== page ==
Published on Nov 4, 2015

– Composer: Sergei Sergeyevich Prokofiev (23 April 1891 — 5 March 1953) – Orchestra: Warsaw National Philharmonic Orchestra – Conductor: Witold Rowicki – Soloist: Sviatoslav Richter – Year of recording: 1958 Piano Concerto No. 5 in G major, Op. 55, written in 1931-1932. 00:00 – I. Allegro con brio 05:06 – II. Moderato ben accentuato 09:06 – III. Toccata. Allegro con fuoco (più presto che la prima volta) 10:59 – IV. Larghetto 17:40 – V. Vivo After the Fourth Piano Concerto, for the left hand, the Fifth is the least popular of the five piano concertos
Prokofiev wrote. Yet the work offers much of great appeal and delivers a challenge to the finest virtuosos. The composer spoke of the Fifth’s abundance of melody, pointing out that each of its five movements contains four or more melodies. Those unfamiliar with the concerto might conclude from that statement that the work must be a large one; yet its duration is typically only 22 to 25 minutes. The formal structure of the concerto is unusual and rather episodic, hardly clinging to a typical sonata-allegro scheme. If a tag can be put on the work, one to capture both its music and performance features, it would be “athletic,” or perhaps “acrobatic.” –
The first movement, marked Allegro con brio, offers a colorful, jumpy main theme, containing wide leaps for the piano and much difficult writing. A lyrical clarinet melody contrasts well with the main material and the movement eventually comes to a brilliant conclusion with a final backward leap on the piano. – The second movement carries the marking Moderato ben accentuato, and while a bit less effervescent and driven, it is also lively in its march theme and contains glissandos and glissando-like elements that leap about and emphasize the grotesque and humorous nature of the main theme. Those coming to the concerto for the first time may find this colorful, rhythmic movement the most appealing of the five. –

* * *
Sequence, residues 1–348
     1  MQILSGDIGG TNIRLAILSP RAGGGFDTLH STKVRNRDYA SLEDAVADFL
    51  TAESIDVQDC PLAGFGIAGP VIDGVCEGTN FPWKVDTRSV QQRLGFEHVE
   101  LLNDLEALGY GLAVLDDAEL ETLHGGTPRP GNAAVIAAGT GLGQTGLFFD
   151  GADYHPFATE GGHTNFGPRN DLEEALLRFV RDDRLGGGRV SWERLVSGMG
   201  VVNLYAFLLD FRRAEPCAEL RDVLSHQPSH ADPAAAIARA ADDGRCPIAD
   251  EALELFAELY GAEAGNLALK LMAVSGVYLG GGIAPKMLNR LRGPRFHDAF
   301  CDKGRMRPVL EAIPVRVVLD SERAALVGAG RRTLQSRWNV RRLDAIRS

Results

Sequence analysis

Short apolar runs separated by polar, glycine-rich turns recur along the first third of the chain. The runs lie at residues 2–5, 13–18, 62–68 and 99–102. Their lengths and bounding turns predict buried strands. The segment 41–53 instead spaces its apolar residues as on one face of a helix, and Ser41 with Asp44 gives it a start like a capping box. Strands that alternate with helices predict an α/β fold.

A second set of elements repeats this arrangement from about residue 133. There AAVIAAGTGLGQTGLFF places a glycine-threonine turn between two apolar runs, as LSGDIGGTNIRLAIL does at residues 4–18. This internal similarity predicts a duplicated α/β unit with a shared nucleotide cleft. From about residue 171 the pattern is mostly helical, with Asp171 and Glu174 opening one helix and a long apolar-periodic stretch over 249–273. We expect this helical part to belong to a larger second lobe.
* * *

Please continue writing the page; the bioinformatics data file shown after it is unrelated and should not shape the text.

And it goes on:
The third movement Toccata derives its main theme from the opening of the first, and serves almost as a belated development section to it. Its furious pace (Allegro con fuoco) and challenging writing for the orchestra, especially for the string section, give the piece a mood of brilliance and breathlessness typical of the composer’s earlier Toccata and of other similar piano works. – The Larghetto fourth movement is the deepest of the five and also the most lyrical. Its main theme is gentle and lovely. A tense middle section is brilliantly conceived, with crashing chords on the piano at the climax accompanying the eerie orchestral rendering of the profound theme. – The finale, marked Vivo, contains a mixture of menace and humor, of otherworldliness and joy.
Near the end of the exposition a variation on a theme from the third movement appears, and at the same racing tempo. After a dreamy, unearthly middle section, the mood brightens and the piece ends brilliantly. Prokofiev was the soloist in the work’s premiere on 31 October 1932 in Berlin, led by Wilhelm Furtwängler and on the same program with Paul Hindemith as violist in Berlioz’s Harold in Italy. While Prokofiev was only midway though his career, he wrote unfortunately no more works for piano and orchestra after the tepidly-received Fifth Concerto.





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Sergei Prokofiev’s Piano Sonata No. 2 in D Minor, Op. 14 (1912), is a sonata composed for solo piano. The sonata was first performed on February 5, 1914 in Moscow with the composer performing. Prokofiev dedicated the sonata to his friend and fellow student at the St. Petersburg Conservatory, Maximilian Schmidthof, who committed suicide in 1913
[from Wikipedia]

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